Distribution of serum levels of persistent organic pollutants, heterocyclic aromatic amine theoretical intake and nutritional cofactors in a semi-rural island population

Daniel Carrizo, Sarah F. Brennan, Olivier P. Chevallier, Jayne Woodside, Kevin M. Cooper, Marie M. Cantwell, Geraldine Cuskelly & Christopher T. Elliott. 2017. Distribution of serum levels of persistent organic pollutants, heterocyclic aromatic amine theoretical intake and nutritional cofactors in a semi-rural island population. Environmental Science and Pollution Research 24, 28, 22393-22401, DOI: 10.1007/s11356-017-9851-2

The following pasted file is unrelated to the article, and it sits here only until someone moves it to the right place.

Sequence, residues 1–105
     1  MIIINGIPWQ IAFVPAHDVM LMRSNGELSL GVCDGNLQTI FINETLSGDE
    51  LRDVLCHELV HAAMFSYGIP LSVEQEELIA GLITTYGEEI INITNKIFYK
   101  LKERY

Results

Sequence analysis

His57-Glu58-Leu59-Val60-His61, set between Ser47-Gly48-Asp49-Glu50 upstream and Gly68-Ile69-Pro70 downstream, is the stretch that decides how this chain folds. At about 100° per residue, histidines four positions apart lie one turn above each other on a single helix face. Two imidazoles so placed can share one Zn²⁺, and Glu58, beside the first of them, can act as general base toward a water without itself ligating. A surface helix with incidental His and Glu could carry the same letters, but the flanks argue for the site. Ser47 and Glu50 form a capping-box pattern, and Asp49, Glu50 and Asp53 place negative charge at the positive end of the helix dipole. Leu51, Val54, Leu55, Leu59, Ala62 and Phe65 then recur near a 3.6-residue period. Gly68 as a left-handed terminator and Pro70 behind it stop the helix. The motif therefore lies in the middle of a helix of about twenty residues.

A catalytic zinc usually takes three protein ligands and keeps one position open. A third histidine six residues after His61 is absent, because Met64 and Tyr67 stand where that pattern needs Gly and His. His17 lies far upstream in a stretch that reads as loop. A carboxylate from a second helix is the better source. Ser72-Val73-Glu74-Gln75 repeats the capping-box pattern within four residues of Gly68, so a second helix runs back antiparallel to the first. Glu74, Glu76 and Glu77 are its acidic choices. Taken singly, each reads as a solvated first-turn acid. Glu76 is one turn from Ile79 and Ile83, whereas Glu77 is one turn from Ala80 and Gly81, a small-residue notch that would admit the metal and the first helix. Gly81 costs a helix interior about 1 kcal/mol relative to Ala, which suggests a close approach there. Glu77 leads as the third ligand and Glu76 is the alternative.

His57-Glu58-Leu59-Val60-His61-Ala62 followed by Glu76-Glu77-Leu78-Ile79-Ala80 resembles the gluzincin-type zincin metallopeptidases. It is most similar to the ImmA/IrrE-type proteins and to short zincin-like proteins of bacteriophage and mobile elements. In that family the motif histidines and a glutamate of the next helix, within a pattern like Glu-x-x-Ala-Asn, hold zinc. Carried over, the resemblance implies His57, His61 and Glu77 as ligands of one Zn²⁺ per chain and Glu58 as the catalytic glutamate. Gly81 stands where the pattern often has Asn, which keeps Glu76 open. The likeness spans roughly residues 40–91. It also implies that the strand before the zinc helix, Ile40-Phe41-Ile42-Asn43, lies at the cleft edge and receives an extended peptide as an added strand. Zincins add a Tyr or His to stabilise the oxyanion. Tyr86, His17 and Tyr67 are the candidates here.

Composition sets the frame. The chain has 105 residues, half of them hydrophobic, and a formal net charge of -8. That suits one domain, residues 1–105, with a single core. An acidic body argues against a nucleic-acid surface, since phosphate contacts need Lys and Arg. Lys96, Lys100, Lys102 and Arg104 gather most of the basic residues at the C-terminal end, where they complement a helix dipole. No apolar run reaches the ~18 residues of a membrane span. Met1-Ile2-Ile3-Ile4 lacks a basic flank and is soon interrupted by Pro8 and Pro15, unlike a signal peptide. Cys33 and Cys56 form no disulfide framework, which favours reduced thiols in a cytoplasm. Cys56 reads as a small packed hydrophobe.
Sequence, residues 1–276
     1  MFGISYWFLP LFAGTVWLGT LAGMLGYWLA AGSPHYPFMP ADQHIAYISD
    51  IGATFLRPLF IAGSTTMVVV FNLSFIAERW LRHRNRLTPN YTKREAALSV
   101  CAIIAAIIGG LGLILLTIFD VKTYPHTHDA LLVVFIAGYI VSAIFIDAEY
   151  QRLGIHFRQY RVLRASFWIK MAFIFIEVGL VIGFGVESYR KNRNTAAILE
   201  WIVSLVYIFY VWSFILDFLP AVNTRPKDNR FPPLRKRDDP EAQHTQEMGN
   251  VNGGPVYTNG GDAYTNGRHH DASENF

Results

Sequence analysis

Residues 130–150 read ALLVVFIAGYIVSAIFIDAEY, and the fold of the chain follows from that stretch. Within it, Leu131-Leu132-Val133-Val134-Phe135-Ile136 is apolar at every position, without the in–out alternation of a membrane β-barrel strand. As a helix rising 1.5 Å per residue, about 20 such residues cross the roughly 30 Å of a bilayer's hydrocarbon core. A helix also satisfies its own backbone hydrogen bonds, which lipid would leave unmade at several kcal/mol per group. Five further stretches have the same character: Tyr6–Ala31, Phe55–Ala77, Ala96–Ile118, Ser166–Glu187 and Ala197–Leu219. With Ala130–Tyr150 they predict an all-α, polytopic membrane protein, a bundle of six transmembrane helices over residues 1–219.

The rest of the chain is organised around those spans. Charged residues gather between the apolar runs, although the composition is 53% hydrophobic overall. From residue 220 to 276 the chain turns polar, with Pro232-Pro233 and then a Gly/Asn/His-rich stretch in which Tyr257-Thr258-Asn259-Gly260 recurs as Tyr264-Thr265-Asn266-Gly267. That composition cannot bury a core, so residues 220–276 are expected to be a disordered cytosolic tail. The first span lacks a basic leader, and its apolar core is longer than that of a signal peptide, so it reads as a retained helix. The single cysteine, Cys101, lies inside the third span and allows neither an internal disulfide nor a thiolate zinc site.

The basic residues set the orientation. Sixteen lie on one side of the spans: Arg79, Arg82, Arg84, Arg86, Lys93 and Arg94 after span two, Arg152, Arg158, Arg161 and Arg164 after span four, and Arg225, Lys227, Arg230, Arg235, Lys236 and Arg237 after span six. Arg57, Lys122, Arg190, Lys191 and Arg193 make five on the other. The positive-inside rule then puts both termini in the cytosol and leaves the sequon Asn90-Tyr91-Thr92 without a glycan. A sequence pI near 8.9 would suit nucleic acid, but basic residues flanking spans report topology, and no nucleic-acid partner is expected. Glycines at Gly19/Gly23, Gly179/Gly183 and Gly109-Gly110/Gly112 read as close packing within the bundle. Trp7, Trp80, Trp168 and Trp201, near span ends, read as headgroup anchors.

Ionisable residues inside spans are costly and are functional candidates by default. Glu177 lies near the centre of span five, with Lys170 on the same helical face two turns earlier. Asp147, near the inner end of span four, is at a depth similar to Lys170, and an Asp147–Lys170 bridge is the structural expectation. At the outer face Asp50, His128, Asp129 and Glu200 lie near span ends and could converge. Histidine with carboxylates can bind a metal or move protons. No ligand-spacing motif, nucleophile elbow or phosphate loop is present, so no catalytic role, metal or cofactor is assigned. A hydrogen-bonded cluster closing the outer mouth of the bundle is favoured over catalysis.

Persistent organic pollutant (POP) exposure is strongly associated with negative health effects in humans. Heterocyclic aromatic amines (HAAs) are formed during high temperature cooking of foods (i.e. meat and fish). Human exposure to HAA is through food consumption and from similar food groups to POPs. A study of serum samples for POPs in a non-occupational exposed population (n = 149, age range 18-80 years, recruited in 2012) and comparison with estimated HAA daily intake calculations based on food diaries were undertaken. Three different age groups (group 1, 18-29 years; group 2, 30-44 years; and group 3, 45-80 years) were used to explore possible relationships between POP levels present in blood, HAA intake and nutritional cofactors. Significant differences (p < 0.05) between groups (1 and 3) for POP levels were found for p, p’-DDE, polychlorinated biphenyl (PCB) 153, PCB 138 and the sum of PCBs. A similar trend was found between groups 2 and 3 for PCB 153 and sum of PCBs. Significant differences were found between groups 1 and 3 and groups 2 and 3 for HAA intake., i.e. HAA intake was lowest in those of middle age, which may well reflect a different pathway of human exposure between HAA and POPs through the diet preferences.

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